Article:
I’m British: So why is it so damned hard to vote in UK elections?


Ever since I turned 18, I have always voted in British elections.  This year, though, it’s proving much harder to cast my vote.

As I am currently living in Denmark I am classed as an Overseas Elector, along with millions of other British expats around the world. Back in January I decided to heed the advice from the British Foreign and Commonwealth Office and apply online to register. It was pretty straight forward.


Letter from my local council in London

A few weeks later I received a letter from my borough council in London telling me that I had been successful. The electoral services department included a postal vote application – which is by far the easiest way in which to exercise my right. However, it came with this advice:

“Although ballot papers can be sent abroad by post, they are only posted out about a week to ten days before an election. You are strongly advised to appoint a proxy.”

A proxy? Someone I trust enough to put the ‘X’ next to the name/party to whom I’m giving my vote? Am I the only British citizen who finds this deeply uncomfortable? Where’s the ‘secret ballot’ in all this? Given the numerous investigations into postal election fraud in the UK, why is it considered ‘democratic’ to ask someone else to vote on my behalf?

I was hoping my parents would help me. But it turns out they’re out of the country on election day. So now I have to think of someone else who will exercise MY right on Thursday 7th May.

When I do convince someone to help, they then have the whole issue of how to cast MY vote. Either they do it in person in my South London constituency, or they can receive my ballot papers by post. If they choose the latter, there’s an application form he/she will have to fill in – one that I have to send them first, from Denmark.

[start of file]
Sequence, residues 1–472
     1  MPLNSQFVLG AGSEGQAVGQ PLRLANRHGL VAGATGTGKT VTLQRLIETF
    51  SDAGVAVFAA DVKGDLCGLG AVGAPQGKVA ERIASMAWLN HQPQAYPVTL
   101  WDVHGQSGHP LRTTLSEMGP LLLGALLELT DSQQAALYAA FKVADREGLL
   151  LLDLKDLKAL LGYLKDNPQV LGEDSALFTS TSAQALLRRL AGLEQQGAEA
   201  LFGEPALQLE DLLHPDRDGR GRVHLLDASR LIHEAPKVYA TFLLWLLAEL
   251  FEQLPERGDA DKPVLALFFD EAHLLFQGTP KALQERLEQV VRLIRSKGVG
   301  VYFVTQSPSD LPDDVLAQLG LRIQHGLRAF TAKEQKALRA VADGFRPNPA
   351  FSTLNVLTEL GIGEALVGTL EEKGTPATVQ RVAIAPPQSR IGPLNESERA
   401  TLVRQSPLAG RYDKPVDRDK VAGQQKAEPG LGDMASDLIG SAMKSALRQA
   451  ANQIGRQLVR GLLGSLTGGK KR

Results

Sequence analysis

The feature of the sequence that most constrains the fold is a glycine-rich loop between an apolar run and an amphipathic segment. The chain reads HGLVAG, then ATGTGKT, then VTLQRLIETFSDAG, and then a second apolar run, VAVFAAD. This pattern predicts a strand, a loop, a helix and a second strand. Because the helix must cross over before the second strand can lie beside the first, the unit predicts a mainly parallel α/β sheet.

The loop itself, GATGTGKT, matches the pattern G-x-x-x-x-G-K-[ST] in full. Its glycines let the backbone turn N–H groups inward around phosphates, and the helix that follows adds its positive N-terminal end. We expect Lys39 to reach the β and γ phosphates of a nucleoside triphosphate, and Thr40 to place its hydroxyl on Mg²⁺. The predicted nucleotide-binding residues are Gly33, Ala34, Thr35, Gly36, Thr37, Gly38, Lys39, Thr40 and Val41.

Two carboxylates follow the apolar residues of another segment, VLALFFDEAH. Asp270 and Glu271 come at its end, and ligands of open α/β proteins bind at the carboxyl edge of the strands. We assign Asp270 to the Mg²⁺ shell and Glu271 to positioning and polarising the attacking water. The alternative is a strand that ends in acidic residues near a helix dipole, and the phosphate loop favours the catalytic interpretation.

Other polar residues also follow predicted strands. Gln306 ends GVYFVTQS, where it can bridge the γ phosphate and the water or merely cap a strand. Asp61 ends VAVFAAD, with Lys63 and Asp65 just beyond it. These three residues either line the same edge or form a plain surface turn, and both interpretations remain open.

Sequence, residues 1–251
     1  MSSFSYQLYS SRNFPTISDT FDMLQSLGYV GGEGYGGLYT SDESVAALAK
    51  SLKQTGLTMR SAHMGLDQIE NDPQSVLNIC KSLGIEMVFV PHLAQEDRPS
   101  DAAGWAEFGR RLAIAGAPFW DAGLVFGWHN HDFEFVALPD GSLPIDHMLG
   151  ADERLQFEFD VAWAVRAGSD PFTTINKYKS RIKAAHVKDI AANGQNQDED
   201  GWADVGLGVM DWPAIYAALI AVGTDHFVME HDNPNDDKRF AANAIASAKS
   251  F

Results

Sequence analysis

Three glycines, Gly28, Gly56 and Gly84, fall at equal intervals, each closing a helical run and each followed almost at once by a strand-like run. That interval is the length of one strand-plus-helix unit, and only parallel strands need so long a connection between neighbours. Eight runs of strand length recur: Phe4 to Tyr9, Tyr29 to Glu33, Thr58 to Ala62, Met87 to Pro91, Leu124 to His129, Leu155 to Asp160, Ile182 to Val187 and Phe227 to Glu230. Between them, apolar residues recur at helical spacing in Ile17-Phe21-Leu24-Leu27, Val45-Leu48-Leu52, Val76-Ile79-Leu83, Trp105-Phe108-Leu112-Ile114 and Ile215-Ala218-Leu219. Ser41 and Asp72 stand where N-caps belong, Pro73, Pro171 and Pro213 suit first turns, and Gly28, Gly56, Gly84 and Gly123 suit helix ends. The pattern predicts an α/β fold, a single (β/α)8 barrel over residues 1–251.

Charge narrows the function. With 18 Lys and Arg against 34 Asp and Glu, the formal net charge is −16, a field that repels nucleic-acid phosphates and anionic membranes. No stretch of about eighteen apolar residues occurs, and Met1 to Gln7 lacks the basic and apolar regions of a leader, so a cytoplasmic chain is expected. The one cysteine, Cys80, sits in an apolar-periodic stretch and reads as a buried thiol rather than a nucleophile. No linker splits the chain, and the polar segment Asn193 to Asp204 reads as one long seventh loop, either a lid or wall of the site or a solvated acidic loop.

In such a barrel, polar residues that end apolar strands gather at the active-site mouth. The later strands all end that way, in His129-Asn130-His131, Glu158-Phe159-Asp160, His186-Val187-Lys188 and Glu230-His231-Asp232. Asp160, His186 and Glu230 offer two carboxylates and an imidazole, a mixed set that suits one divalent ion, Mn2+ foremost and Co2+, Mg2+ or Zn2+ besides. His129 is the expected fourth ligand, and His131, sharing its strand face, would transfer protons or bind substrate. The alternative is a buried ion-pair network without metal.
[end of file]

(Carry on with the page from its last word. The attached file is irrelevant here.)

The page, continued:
The whole system seems crazy. With all this technology at our finger tips, why is it so damned hard to vote? Surely it’s time the Electoral Commission and the British political system in general moved into the 21st century.

Kiin Kiin in Copenhagen: Probably the best Thai restaurant in the world

freeze curry

Kiin Kiin’s freeze dried Thai red curry

Until I moved here, I didn’t fully appreciate the number of fantastic restaurants there are in Copenhagen. 15 in this capital have at least one michelin star. While I’ve been lucky enough to eat at the very best in the world – Noma – I may have now experienced somewhere that tops even this joint.


The Snowball – with candyfloss, watercress, squid, mint and cucumber

Kiin Kiin is nestled in the heart of Nørrebro and is the only Thai restaurant outside Thailand to be awarded a Michelin star. And boy is it deserved. From the moment we entered this former drug den, we were treated like royalty and fed like kings and queens. Of the 22 dishes we were served, it’s hard to know which was my favourite. The flavours, the textures, the look and smell – every single course was perfect.


There’s more to insects than ants: Crispy cricket in edible soil.

The crispy cricket buried in a bucket of edible soil is chef, Henrik Yve Anderson’s equivalent of Noma’s ant dishes. As Kiin Kiin itself says: “Insects (including ants) are high in protein and very healthy… But so many serve ants these days.” This really was delicious.


The liquid in the syringe turned into thick noodles!

Tuna worms in wasabi are also a talking point – and really tasty.  So too The Snowball – candyfloss with squid, mint, cucumber and watercress. There was salted meringue with cashew, lotus flowers, miang kam – a spiced salad with tamarin, chili, lime and ginger. Honestly the courses and the flavours just kept on coming.


Chicken hearts plus egg yolk


Scrumptious dumplings

At almost 1,000 DKK for food alone, this is a restaurant you need to save up for. But I really can’t recommend it highly enough. I hope I’ll get the chance to come back for a second sitting.